David Krayden Ottawa Bureau Chief
February 24, 2020 10:23 AM ET
Canada’s Teck Resources Ltd. has withdrew its application for a $20.6 billion Alberta oil sands project because the Trudeau government’s environmental and climate change policies lack “clarity.”
In an open letter to Canada’s Minister of Environment and Climate Change posted on the firm’s website Sunday night, the company president and CEO Don Lindsay explained, “I want to make clear that we are not merely shying away from controversy. The nature of our business dictates that a vocal minority will almost inevitably oppose specific developments.”
The oil sands, located northeast of Edmonton, are considered to be the third largest petroleum reserves in the world.
The news comes just as the Ontario Provincial Police ordered environmental extremists to remove a barricade near Belleville, Ontario Monday that had brought railway traffic to a standstill for the past three weeks. After sustained criticism and with shortages of fuel and food looming, Canadian Prime Minister Justin Trudeau said Friday that “the barricades need to come down.” (RELATED: Trudeau Has No Plan To Deal With Crisis As Natives Block Two Bridges To US)
But for Lindsay and Teck Resources, it wasn’t just about the latest protest. “We are prepared to face that sort of opposition.” It was the “broader debate over climate change and Canada’s role in addressing it” that convinced the century-old mining company to pull out.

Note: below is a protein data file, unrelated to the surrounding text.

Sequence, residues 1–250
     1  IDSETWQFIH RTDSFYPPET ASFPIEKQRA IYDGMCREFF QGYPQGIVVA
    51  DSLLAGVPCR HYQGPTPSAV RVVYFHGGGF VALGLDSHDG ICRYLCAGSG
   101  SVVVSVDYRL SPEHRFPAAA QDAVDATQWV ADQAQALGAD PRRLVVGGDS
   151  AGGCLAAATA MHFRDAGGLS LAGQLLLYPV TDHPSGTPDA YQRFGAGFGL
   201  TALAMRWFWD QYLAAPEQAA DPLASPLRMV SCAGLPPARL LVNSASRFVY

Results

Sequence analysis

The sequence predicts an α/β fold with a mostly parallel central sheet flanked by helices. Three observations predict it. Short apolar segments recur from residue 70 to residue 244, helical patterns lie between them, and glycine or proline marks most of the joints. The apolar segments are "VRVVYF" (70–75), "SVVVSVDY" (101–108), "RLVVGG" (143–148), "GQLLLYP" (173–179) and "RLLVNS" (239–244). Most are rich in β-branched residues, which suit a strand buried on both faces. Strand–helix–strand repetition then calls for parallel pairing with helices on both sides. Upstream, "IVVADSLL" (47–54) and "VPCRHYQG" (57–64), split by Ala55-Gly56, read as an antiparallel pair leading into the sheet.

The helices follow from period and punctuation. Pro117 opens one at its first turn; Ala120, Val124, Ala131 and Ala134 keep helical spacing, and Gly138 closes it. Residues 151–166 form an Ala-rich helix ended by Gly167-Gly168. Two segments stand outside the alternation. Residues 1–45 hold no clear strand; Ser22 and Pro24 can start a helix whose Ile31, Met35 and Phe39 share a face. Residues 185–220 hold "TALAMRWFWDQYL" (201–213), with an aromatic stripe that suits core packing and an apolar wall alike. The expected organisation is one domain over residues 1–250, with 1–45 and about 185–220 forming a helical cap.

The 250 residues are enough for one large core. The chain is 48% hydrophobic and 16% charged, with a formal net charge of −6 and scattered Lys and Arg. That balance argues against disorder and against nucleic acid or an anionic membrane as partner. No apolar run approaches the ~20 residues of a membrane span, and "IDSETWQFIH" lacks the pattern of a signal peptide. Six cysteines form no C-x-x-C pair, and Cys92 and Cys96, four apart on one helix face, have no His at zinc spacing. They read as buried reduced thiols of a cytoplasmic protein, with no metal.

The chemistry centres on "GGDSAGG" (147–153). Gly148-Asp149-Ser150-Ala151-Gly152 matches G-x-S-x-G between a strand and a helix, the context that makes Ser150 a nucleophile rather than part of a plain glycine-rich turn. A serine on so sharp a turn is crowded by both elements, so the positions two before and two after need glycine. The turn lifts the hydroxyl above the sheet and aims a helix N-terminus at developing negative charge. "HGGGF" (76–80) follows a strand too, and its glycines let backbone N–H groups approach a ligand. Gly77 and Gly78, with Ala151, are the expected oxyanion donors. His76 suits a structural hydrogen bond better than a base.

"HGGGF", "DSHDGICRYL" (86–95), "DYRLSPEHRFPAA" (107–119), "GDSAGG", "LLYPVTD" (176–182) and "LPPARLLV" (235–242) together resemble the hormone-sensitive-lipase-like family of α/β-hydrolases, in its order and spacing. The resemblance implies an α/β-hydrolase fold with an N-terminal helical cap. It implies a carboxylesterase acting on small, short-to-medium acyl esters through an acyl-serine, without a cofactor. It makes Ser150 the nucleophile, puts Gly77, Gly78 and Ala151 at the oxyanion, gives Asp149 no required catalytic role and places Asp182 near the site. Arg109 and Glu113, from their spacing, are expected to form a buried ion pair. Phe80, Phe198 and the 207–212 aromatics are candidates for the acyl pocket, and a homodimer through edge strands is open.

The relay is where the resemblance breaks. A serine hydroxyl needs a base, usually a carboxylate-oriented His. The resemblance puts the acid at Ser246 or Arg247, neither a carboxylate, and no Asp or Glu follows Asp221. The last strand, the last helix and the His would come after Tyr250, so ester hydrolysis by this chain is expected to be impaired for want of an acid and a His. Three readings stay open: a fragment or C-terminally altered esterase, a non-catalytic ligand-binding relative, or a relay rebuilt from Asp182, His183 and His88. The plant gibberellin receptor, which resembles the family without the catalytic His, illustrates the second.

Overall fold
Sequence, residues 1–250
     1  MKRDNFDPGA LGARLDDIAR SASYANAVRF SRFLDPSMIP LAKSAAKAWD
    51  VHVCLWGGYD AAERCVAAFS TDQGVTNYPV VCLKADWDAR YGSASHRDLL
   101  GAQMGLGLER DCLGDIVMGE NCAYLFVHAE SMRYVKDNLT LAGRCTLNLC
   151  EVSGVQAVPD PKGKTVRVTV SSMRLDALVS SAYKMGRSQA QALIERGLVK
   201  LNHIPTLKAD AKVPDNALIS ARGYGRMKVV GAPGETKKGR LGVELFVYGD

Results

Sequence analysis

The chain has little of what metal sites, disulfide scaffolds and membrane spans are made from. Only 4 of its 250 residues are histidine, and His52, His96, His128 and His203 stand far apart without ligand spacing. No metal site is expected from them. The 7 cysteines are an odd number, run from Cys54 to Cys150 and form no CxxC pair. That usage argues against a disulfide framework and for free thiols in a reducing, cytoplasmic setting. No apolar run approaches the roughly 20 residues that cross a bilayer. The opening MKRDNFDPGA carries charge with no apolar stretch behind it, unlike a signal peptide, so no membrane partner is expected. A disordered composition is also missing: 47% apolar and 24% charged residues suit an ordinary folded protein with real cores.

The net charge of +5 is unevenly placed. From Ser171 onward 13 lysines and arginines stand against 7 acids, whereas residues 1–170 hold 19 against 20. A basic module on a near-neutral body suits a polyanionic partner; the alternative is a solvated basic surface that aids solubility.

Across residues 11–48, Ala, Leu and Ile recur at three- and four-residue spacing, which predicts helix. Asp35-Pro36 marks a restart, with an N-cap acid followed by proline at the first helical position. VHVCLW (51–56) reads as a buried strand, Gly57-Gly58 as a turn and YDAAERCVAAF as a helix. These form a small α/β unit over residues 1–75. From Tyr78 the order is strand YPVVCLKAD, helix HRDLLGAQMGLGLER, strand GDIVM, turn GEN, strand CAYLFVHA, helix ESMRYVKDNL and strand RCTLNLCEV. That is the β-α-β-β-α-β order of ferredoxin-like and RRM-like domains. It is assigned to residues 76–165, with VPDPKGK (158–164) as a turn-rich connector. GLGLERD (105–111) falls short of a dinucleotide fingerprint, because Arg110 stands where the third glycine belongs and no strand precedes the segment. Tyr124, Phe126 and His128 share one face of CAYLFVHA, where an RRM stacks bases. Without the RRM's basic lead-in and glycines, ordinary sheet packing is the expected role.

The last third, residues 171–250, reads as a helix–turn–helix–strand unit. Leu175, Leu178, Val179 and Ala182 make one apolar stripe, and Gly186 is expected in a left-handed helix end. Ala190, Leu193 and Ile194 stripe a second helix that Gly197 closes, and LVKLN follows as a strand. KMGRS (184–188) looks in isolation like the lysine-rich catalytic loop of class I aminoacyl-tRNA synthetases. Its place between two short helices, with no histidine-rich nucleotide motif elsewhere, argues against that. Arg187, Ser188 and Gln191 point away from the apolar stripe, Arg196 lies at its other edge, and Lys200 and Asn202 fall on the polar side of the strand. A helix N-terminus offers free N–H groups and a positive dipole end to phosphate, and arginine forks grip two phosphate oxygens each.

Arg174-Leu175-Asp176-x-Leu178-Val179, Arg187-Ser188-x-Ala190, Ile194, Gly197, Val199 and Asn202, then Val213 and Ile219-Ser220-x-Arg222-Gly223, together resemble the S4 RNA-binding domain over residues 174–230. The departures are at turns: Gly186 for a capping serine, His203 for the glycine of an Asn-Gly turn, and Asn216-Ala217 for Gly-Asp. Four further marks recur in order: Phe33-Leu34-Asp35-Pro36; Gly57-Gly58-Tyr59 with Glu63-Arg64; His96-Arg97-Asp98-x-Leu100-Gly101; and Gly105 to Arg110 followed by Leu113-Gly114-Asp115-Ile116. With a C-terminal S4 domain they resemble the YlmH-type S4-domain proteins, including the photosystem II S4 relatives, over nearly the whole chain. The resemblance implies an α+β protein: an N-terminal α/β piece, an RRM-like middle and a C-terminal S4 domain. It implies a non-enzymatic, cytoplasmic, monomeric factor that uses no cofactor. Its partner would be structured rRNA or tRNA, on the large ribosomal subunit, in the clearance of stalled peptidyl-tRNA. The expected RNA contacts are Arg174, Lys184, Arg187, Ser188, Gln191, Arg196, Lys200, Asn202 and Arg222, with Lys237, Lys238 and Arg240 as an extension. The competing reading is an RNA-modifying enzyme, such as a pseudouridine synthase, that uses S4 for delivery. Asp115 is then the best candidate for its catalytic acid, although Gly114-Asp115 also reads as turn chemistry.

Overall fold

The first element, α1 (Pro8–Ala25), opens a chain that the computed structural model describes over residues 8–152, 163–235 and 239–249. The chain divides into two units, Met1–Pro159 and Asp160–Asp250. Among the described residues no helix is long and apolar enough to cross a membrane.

Lindsay cautioned that the oil sands project demanded clear direction from the federal government on what sort of resource exploration it would be willing to tolerate given the current level of climate change activism. (RELATED: Counter-Protesters In Alberta Tear Down Anti-Pipeline Barricade As Trudeau Contemplates Action)
“Without clarity on this critical question, the situation … will be faced by future projects and it will be very difficult to attract future investment, either domestic or foreign,” the letter says.
The company said it will take a $1.13-billion loss on the project that could have created 9,500 jobs in the Canadian oil and gas sector from construction to petroleum extraction. The federal government was expecting more than $70 billion in revenue from the project.
Their decisions to move on was made only hour after the Alberta government announced that two First Nations, originally opposed to the project, had agreed to allow the work to begin.
The Mikisew Cree and Athabasca Chipewyan First Nations were concerned about potential danger to bison and caribou habitats.